(Reuters) - Iran and world powers reached a framework agreement on Thursday on curbing Iran’s nuclear program for at least a decade.
The tentative agreement clears the way for talks on a future settlement that would allay Western fears that Iran was seeking to build an atomic bomb and in return lift economic sanctions on the Islamic Republic. They will remain in place until a final deal is reached.
The sanctions have halved Iran’s oil exports to just over 1 million barrels per day since 2012 and hammered its economy.
A complex range of restrictions has been imposed on Iran over several decades, starting with initial measures in 1979 after Iranian students stormed the U.S. Embassy in Tehran.
The major oil-related sanctions have been imposed by the United States and European Union to pile pressure on Iran over its nuclear program.
The U.S. Congress and the executive branch of the EU have both targeted Iran’s oil sector with layers of sanctions that could take time to remove fully even after any deal is struck.
Here is a summary of the measures.
Americans are prohibited from trading directly or indirectly with Iran’s oil sector, the government of Iran and individuals connected to the oil sector or in any financing of it. U.S. companies are also prevented from investing in Iran’s oil and gas industries or trading with them.
U.S. sanctions can also target financial institutions that engage in transactions with state-owned National Iranian Oil Company and its subsidiary Naftiran Intertrade Company.
Companies or individuals who breach the sanctions could face significant fines, asset freezes, the risk of being cut off from the U.S. dollar banking system or even be blacklisted themselves.
The EU has also imposed sanctions prohibiting trade with Iran’s oil sector. This includes any business with the whole of the country’s energy sector or government agencies related to it and any investments with the industry.
EU sanctions also prohibit European firms and individuals from importing or purchasing Iranian crude oil, petroleum products or natural gas and assisting in the construction of oil tankers as well as supplying vessels used to transport or store oil or petrochemical products.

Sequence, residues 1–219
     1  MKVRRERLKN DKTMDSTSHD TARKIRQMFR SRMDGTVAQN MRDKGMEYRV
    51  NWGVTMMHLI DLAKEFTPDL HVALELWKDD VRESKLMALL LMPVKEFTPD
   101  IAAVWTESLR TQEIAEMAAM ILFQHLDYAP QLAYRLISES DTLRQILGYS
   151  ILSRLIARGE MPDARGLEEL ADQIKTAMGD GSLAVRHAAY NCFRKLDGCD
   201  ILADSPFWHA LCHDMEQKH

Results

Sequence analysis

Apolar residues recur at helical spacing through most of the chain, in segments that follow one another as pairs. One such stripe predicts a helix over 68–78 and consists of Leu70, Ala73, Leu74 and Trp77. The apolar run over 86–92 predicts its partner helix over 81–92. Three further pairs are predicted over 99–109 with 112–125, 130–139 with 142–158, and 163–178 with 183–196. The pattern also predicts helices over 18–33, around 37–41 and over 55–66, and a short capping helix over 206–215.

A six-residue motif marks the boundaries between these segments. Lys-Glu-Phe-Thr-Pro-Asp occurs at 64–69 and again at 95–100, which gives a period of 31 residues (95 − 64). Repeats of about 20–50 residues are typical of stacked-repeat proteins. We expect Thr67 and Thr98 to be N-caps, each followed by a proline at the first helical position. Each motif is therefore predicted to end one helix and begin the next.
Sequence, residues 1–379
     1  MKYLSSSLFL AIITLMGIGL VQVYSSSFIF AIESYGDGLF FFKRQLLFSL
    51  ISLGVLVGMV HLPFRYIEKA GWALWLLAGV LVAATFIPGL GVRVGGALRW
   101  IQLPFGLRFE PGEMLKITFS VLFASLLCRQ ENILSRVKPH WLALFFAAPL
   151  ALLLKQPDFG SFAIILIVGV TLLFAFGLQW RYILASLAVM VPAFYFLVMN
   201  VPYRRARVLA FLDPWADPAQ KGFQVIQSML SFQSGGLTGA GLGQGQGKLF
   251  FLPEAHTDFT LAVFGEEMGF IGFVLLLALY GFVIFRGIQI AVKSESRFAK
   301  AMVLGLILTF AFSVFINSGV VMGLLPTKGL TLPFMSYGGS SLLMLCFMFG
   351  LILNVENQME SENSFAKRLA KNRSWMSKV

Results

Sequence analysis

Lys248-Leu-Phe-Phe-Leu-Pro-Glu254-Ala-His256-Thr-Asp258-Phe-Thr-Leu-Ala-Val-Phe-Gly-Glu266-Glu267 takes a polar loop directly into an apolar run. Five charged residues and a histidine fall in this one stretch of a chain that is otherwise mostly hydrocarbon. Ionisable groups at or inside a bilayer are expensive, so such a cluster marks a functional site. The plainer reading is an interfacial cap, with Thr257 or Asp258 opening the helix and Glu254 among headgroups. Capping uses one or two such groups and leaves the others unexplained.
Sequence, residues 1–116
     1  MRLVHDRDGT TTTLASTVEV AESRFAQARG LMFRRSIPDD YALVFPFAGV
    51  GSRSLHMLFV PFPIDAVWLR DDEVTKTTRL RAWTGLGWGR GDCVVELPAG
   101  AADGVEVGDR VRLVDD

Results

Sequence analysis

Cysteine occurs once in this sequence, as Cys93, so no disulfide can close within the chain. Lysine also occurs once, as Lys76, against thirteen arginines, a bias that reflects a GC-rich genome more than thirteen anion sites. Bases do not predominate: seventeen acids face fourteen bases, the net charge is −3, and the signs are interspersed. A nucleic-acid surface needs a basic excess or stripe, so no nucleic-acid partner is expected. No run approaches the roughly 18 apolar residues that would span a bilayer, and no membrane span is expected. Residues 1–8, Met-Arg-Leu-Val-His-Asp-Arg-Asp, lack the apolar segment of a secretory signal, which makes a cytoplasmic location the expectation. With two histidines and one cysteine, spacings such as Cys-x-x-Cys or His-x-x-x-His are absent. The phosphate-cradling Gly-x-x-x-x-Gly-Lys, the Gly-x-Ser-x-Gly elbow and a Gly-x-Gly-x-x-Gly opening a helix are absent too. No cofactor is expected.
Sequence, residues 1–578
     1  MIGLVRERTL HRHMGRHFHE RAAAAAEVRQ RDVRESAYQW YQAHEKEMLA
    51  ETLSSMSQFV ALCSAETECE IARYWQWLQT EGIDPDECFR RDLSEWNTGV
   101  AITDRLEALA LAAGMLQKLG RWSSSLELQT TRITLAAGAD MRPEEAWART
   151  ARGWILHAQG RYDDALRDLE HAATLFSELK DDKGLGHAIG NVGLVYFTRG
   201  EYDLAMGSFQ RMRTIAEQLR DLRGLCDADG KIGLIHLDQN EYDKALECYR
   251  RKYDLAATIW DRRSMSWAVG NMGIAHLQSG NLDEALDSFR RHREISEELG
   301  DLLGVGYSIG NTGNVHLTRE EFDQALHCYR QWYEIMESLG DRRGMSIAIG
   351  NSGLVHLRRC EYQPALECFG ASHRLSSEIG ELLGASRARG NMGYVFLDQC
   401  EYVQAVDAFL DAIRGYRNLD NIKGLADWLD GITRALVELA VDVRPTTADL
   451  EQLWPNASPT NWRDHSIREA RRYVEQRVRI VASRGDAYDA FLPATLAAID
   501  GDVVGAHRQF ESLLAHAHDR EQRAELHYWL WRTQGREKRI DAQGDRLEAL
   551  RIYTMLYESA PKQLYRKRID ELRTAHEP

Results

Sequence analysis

Iran’s oil sector also faces hurdles over the transportation of oil and insuring cargoes.
EU and U.S. sanctions have blacklisted Iran’s shipping sector, including its top tanker owner NITC, meaning U.S. and European companies are prohibited from trading with it.
NITC is Iran’s main transporter of oil. The country’s top port operator Tidewater Middle East Co is also sanctioned, which has complicated shipments from export terminals.
Iran is also prohibited from securing services from international ship classification firms, which verify safety and environmental standards for vessels and are vital to insurance and port access for ships.
Under an initial agreement with Iran reached in November 2013, known as the Joint Plan of Action (JPOA), and rolled over subsequently until June 30, 2015, both the U.S. and EU relaxed some measures on Iran. This allowed the Islamic Republic access to some of its frozen oil revenues abroad and a modest easing of restrictions on oil sales to top importers including China and India.
The JPOA had provided Iran with some sanctions relief, including a temporary easing on insurance cover for permitted trades. However, ship insurers remain wary of extending cover on those trades due to concerns they may face sanctions if any claims are made and the claims process extends beyond the current expiry of temporary measures on June 30, 2015.
Writing by Jonathan Saul; Editing by Angus MacSwan